The FIDM Museum and Library, Inc. collects, preserves, and interprets fashion objects and support materials with outstanding design merit. It fosters student learning, public engagement, and recognition of the creative arts and entertainment industries by providing access to the collections through exhibitions, publications, and other research opportunities.
To be the global resource for the study of fashion – past, present, and future.
FIDM Museum & Galleries History
FIDM/Fashion Institute of Design & Merchandising was founded in 1969 by current FIDM President Tonian Hohberg. Hohberg envisioned an exciting learning environment where students could master art and design disciplines. FIDM has grown to encompass 25 majors on four campuses: San Francisco, Orange County, San Diego, and the original Downtown Los Angeles location. In 1973, the Fashion Design Department realized that design students would better understand textile drape, pattern structure, and finishing techniques if they had access to representative garments. Staff and faculty responded by raiding their personal closets to assemble the fledgling Museum’s first "collection." The nonprofit entity FIDM Museum and Library, Inc. was formally established in 1978, and the institution was met with immediate enthusiasm. The initial holdings were enhanced by a generous gift of French haute couture ensembles from founding donor Betsy Bloomingdale.
As the years passed, the FIDM Museum grew along with the college. In 1985, the estate of Rudi Gernreich bequeathed the designer’s extensive archive to the FIDM Museum. When a new Los Angeles campus was constructed in 1990, the design incorporated designated storage for the Museum’s objects. Community outreach attracted new donors, as did the rotating Museum displays on FIDM campuses. The FIDM Gallery opened in 1993, providing a permanent exhibition space. The Museum began mounting exhibitions ranging from California sportswear to Hollywood costumes. In appreciation of the community’s longstanding and generous support, exhibitions are always free to the public.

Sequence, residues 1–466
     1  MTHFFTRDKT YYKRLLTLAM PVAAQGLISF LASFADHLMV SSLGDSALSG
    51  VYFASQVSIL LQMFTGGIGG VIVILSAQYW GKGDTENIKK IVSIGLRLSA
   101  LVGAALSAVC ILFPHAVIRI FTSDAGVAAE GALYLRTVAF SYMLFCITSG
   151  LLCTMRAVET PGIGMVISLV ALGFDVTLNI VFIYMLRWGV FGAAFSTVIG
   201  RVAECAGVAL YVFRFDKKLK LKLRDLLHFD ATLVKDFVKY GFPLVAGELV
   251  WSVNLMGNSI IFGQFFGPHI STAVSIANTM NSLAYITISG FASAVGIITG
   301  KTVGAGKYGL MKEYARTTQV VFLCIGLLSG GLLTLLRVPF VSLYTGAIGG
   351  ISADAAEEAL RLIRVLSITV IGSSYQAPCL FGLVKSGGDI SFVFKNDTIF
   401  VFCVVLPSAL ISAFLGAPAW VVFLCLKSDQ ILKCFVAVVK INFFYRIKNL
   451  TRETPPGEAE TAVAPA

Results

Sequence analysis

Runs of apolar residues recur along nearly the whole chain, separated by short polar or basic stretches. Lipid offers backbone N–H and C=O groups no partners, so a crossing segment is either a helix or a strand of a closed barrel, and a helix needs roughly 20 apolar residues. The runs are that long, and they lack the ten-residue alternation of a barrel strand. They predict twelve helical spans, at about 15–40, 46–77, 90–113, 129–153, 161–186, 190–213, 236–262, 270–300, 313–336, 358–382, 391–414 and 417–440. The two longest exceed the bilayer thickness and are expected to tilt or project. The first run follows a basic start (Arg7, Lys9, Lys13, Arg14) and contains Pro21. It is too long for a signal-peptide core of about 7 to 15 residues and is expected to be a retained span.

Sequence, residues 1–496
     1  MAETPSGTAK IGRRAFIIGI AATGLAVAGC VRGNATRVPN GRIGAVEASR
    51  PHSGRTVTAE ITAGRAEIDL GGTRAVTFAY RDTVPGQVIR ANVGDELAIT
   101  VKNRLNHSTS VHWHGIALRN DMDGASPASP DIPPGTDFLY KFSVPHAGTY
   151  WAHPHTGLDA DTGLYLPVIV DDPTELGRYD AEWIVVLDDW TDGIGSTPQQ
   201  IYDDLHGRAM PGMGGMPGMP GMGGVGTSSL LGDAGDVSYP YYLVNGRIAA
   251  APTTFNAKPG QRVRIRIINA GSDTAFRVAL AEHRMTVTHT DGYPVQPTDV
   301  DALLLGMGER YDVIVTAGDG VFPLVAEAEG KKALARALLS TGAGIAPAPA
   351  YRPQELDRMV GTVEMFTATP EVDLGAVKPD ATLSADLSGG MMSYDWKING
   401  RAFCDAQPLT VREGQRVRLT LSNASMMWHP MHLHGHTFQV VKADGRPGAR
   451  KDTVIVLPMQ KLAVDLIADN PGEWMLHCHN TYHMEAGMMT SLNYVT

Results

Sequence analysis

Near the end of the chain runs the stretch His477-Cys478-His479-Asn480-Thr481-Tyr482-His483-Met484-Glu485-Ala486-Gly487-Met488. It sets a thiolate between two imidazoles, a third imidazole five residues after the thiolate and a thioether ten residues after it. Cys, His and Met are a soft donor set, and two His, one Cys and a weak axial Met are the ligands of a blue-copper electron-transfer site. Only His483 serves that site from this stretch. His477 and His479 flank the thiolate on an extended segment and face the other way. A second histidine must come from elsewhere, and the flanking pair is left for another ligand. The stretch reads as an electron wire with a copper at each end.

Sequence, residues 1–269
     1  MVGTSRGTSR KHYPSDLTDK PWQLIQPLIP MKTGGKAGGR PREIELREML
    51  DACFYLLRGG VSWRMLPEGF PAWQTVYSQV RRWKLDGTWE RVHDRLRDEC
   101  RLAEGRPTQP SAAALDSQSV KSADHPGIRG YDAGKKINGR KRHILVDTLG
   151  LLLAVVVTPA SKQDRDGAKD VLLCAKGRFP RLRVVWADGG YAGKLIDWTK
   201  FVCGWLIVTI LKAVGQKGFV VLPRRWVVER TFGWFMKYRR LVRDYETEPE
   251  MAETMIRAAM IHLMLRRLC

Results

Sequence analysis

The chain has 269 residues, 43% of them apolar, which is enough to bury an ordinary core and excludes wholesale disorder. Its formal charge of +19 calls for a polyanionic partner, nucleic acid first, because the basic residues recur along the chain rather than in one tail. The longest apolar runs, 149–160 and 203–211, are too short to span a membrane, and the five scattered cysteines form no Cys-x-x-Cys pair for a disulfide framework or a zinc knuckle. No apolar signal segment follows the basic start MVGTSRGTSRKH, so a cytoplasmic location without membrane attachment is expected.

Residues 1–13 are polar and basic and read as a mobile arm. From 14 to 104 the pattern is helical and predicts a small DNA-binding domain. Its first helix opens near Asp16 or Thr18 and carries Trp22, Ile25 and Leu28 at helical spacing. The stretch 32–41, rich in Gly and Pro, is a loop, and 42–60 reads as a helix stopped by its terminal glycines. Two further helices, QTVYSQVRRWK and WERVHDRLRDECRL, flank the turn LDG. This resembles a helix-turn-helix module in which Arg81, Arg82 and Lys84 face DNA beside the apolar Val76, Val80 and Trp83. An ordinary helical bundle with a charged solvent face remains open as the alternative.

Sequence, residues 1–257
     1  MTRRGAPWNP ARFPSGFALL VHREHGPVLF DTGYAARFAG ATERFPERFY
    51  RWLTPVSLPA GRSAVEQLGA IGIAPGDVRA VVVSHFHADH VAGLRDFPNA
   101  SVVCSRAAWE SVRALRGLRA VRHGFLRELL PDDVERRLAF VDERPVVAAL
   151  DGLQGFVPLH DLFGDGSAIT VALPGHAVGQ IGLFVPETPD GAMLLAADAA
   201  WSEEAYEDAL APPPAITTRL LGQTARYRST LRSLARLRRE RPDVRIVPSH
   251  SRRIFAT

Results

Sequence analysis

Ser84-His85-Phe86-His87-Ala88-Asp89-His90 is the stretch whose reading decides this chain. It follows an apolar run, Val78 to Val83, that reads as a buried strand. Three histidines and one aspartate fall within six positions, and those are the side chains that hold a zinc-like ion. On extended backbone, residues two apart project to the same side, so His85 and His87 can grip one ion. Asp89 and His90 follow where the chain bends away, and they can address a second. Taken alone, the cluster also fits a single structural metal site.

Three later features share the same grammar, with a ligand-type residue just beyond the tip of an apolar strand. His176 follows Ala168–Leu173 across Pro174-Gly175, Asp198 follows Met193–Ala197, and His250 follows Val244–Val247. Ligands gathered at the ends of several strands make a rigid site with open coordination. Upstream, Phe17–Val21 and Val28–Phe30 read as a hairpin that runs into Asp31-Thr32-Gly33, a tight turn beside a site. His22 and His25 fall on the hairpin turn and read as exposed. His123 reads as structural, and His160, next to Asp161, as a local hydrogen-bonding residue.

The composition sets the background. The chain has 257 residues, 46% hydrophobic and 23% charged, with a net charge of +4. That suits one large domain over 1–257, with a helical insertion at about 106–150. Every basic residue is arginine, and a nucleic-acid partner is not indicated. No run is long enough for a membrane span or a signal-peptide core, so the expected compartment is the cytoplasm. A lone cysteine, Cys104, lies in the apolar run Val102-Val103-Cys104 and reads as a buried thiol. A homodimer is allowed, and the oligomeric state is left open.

During the 1990s, a curatorial department was established, the galleries expanded to 8,000 square feet, and the Museum Shop was opened. In 1998, the collection was divided into the research-oriented Permanent Collection and the hands-on Study Collection. In the intervening years, the Museum converted to a digital database, constructed state-of-the-art compact storage areas, and acquired the Annette Green Fragrance Archive. The Gianni Versace Menswear Archive is a recent standout acquisition, along with the Michel Arnaud Photography Archive. The caliber, connoisseurship, and interpretation of the Museum collections have grown and expanded toward educational exhibitions, documentary productions, catalogue publications, a respected blog presence, and social media activities.
Thanks to thousands of generous donors, the FIDM Museum Collections currently hold over 15,000 objects covering more than 200 years of history. Because the Museum focuses on the design merits of high fashion, most of the collections are dedicated to fashionable women’s dress, and acquisitions are determined primarily by how well an object represents its time period and a designer’s oeuvre. The collection also includes folk dress and non-Western garments. Accessories are another vital component, exhibited separately or used for head-to-toe mannequin dressing, helping to establish a complete understanding of how fashion is worn. Auxiliary ephemera such as periodicals, patterns, and photographs support the study of design by defining historical contexts. Additionally, interior textiles, swatch books, and embroidery samples complement the fashion holdings and ensure a rich understanding of related disciplines.